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IRA Charitable Distribution

Whether you itemize tax deductions this year or not, an IRA Charitable Distribution can be a tax-wise way to give!

Did you know that anyone age 70 ½  or above may transfer up to $100,000 each year directly from an IRA (an Individual Retirement Account) to 501 (c)(3) organizations like the American Museum of Natural History, without having to report the distributed amount as taxable income? In 2015, Congress permanently extended this charitable incentive—something that is referred to as a "Charitable IRA Rollover" or an IRA Charitable Distribution.

Who will benefit from making an IRA Charitable Distribution?

In general, donors who:

1. have a traditional IRA;

2. are age 70 ½ or above and must take a required distribution from the IRA

3. want to make gifts to charitable organizations like the Museum.

In addition to helping the Museum, an IRA Charitable Distribution may have tax benefits. After age 70 ½, you may be required to take distributions of taxable income from an IRA. With the “charitable rollover” you distribute $100,000 directly to a charitable organization from your IRA. Since it is not included in your Adjusted Gross Income (AGI), it is not subject to income tax. For some, the lower AGI can have an even greater tax benefit than the charitable deductions they take.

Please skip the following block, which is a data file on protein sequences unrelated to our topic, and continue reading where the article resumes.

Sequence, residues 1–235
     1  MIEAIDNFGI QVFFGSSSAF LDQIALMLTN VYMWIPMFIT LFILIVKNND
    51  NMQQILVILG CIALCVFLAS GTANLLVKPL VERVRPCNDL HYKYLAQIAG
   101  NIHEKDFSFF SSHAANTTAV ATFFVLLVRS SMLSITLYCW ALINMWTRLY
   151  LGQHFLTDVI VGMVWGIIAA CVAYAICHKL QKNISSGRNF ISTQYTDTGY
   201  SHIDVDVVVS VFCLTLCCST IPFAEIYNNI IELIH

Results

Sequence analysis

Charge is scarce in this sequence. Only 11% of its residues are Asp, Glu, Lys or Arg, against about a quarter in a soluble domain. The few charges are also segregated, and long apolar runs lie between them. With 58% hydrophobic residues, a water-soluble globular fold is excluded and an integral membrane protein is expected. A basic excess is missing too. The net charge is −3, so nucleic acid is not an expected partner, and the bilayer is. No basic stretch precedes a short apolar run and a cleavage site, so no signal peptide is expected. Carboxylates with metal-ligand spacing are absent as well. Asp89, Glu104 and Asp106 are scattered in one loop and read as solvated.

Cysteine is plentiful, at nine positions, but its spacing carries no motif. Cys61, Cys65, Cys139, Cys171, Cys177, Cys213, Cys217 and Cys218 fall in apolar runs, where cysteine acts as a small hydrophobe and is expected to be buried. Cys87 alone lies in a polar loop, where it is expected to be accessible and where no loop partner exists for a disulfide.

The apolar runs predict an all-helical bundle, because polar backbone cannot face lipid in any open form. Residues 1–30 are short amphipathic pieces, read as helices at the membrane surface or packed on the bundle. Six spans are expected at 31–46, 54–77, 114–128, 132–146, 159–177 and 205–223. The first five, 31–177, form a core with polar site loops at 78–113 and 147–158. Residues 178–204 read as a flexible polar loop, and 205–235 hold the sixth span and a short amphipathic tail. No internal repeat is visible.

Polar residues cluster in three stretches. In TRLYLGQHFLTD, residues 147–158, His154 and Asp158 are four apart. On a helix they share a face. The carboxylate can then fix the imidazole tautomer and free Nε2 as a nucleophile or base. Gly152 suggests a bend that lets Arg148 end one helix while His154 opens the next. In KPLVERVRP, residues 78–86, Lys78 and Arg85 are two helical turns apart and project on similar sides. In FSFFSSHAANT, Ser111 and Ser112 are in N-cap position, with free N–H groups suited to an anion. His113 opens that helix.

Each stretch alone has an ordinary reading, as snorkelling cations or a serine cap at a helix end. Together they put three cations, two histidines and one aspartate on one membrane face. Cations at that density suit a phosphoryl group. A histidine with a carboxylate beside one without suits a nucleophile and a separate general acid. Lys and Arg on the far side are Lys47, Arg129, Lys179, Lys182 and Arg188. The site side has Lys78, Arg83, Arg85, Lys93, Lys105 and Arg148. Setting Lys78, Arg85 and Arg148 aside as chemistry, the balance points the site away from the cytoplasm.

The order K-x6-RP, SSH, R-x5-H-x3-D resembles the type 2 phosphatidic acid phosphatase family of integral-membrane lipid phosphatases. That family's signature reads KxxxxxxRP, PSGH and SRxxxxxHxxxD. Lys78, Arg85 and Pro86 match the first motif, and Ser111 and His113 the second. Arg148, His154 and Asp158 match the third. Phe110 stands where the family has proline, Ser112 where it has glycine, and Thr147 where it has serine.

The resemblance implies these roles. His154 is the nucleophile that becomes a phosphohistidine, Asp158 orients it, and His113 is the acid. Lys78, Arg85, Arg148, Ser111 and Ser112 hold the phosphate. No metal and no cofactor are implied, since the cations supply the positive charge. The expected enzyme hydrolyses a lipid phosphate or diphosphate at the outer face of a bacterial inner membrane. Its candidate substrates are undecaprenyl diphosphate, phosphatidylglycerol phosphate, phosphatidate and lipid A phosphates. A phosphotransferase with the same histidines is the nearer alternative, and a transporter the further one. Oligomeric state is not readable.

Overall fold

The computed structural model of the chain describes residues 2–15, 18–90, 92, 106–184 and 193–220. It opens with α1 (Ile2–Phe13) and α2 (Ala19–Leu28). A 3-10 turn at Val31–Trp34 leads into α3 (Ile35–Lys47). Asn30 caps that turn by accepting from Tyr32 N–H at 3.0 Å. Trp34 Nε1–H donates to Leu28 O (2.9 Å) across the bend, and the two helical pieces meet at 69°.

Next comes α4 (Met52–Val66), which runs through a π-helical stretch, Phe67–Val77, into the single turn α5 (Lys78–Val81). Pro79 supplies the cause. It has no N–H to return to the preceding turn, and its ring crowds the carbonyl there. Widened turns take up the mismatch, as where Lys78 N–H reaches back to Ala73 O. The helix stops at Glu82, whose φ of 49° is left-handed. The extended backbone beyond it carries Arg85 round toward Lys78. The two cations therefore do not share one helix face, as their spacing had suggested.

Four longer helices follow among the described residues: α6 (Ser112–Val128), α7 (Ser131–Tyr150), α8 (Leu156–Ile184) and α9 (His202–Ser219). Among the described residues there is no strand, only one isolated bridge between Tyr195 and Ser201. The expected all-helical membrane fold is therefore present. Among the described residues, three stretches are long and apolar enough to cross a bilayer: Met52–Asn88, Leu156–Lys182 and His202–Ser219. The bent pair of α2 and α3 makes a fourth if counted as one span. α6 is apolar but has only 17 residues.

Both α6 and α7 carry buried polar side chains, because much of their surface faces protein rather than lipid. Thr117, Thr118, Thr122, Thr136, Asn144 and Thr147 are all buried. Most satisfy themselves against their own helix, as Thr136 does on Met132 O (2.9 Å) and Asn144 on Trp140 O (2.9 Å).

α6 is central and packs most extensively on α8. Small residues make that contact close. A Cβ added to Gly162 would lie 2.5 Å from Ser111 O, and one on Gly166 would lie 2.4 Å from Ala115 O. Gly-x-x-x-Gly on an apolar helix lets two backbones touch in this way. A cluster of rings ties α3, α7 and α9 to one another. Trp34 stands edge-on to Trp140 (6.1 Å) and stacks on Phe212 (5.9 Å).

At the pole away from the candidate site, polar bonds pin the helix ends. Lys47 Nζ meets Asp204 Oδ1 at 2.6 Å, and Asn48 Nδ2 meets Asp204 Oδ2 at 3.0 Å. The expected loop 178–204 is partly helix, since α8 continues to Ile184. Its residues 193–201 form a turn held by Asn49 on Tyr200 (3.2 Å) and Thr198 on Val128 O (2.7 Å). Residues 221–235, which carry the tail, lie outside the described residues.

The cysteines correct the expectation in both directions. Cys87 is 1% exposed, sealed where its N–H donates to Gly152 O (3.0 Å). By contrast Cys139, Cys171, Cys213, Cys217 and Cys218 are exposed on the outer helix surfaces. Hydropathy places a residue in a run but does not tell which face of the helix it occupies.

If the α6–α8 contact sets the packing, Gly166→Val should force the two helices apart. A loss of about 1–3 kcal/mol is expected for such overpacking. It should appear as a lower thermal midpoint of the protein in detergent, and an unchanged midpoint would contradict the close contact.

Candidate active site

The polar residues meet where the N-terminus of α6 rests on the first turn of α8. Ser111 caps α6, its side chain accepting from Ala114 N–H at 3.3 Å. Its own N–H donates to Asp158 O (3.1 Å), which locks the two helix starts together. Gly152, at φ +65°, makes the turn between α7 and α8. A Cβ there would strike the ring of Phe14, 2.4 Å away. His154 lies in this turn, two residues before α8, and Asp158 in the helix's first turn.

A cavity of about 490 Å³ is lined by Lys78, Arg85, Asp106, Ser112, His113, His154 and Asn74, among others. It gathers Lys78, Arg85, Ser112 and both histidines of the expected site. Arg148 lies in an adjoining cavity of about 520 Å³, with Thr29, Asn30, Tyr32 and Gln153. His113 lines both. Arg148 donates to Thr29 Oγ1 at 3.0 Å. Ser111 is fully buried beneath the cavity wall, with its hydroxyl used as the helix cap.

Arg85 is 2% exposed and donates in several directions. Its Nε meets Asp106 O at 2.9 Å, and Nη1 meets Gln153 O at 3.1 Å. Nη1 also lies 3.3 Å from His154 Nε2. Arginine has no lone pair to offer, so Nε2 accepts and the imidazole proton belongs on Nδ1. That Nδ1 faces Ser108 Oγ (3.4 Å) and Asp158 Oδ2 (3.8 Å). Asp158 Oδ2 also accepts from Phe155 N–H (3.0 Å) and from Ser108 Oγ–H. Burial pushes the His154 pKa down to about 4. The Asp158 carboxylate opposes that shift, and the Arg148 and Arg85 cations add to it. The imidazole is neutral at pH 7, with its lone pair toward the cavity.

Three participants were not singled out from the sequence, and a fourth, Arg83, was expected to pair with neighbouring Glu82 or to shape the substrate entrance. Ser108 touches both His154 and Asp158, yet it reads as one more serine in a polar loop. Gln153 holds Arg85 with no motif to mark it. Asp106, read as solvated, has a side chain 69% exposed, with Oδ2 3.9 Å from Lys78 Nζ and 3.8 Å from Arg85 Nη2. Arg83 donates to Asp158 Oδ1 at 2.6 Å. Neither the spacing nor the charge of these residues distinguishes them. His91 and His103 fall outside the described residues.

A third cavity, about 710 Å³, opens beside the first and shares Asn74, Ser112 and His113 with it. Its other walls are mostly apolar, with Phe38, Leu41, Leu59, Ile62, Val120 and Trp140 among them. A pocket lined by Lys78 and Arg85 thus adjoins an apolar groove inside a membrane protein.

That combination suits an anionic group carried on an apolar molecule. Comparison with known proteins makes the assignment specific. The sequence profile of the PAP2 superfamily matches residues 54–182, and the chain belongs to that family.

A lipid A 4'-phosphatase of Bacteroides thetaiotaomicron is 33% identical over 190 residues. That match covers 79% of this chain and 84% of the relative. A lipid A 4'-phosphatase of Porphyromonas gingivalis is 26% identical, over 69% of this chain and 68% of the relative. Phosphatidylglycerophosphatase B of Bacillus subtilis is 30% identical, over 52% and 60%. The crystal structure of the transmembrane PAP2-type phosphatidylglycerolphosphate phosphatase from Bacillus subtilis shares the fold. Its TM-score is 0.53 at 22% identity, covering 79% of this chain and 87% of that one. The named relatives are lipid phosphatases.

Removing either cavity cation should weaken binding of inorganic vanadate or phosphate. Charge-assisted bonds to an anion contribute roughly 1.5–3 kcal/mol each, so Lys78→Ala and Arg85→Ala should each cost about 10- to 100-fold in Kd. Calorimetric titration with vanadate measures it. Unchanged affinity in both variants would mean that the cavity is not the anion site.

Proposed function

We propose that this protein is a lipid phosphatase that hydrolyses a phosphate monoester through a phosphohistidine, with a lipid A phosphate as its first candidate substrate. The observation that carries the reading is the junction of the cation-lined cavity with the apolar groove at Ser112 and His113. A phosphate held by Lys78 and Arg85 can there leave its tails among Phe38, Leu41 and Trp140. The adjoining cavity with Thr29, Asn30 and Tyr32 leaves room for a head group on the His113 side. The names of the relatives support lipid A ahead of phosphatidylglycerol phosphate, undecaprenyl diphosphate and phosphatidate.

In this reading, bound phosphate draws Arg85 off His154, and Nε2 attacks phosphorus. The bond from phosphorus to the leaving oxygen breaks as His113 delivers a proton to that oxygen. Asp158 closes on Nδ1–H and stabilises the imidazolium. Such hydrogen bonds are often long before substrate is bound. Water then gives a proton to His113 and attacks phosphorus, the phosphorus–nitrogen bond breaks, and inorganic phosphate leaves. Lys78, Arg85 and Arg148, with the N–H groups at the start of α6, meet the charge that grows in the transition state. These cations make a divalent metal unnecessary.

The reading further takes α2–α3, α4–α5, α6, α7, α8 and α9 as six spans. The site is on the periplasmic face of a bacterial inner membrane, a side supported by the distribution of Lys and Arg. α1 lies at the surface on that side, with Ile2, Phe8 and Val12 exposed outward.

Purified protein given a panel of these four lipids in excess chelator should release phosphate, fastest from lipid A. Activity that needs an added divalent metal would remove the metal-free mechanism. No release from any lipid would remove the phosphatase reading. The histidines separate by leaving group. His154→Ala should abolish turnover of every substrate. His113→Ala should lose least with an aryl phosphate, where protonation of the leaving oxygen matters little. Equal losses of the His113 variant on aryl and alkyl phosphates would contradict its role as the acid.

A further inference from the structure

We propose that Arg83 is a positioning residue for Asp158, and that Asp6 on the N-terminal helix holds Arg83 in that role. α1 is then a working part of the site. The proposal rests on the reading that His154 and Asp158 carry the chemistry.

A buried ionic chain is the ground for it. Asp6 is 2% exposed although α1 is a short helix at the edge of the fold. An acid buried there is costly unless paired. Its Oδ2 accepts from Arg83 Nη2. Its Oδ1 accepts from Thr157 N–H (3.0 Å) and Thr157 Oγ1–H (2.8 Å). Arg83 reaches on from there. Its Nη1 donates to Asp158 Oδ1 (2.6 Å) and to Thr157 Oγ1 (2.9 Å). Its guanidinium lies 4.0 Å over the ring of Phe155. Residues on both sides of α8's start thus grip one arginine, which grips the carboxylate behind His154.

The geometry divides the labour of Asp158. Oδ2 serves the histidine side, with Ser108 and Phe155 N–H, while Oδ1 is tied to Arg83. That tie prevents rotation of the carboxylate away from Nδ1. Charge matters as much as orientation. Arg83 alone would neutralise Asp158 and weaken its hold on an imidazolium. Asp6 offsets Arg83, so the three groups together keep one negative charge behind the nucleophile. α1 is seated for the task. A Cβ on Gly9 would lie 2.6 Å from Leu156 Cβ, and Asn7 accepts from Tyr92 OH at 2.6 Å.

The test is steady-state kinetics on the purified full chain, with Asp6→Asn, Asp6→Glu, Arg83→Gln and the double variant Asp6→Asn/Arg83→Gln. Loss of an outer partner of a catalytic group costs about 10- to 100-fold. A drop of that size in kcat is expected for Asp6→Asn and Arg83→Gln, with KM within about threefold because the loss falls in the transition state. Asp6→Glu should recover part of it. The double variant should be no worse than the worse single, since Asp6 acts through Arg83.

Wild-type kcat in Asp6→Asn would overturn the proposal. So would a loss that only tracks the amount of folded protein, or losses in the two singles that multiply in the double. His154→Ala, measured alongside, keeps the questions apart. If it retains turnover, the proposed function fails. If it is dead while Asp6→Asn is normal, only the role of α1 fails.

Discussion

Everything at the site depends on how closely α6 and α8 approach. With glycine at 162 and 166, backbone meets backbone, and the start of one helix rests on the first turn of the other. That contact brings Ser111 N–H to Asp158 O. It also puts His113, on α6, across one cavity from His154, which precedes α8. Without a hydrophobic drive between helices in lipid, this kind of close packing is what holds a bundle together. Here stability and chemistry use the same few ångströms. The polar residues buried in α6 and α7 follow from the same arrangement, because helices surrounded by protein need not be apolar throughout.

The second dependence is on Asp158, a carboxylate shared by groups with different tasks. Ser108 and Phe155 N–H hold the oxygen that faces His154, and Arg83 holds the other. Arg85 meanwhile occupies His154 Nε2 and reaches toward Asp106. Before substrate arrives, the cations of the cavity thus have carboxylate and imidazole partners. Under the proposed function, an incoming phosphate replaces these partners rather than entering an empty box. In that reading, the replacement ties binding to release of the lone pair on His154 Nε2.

Benefits of an IRA Charitable Distribution will be most attractive if:

A. you don’t need income from your IRA this year—but are required by law to take distributions, and don’t like the idea of being taxed on them;

B. you don’t itemize your deductions, but could benefit from lowering your AGI through a mechanism that does not require an itemized return;

C. you are concerned about increasing your AGI, because it could push you into a higher tax bracket. 

To qualify, the distribution must come directly from the IRA provider to the Museum and the Museum may not provide any goods or services in exchange. Below are downloadable sample letters that may help you arrange a distribution to the Museum. One letter is to your IRA provider. The other notifies the Museum.

SAMPLE LETTER TO PROVIDER »   SAMPLE LETTER TO THE MUSEUM »

While the American Museum of Natural History does not provide specific tax or legal advice, we do share information about charitable options with our donors. Please consult your own advisor about your specific situation. If you have general questions about charitable gifts such as this, call John Matthews at 212-769-5119.